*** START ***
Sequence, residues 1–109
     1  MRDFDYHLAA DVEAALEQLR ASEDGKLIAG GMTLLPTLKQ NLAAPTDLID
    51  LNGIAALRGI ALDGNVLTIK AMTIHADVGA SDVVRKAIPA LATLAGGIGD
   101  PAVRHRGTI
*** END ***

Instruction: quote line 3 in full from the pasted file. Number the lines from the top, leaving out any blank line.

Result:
    51  LNGIAALRGI ALDGNVLTIK AMTIHADVGA SDVVRKAIPA LATLAGGIGD